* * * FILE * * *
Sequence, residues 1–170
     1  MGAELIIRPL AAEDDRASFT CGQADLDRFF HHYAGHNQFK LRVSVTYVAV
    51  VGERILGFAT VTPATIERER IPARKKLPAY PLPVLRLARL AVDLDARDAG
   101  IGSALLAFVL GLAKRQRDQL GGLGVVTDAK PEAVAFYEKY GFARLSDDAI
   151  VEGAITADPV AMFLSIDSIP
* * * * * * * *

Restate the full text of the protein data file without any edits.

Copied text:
Sequence, residues 1–170
     1  MGAELIIRPL AAEDDRASFT CGQADLDRFF HHYAGHNQFK LRVSVTYVAV
    51  VGERILGFAT VTPATIERER IPARKKLPAY PLPVLRLARL AVDLDARDAG
   101  IGSALLAFVL GLAKRQRDQL GGLGVVTDAK PEAVAFYEKY GFARLSDDAI
   151  VEGAITADPV AMFLSIDSIP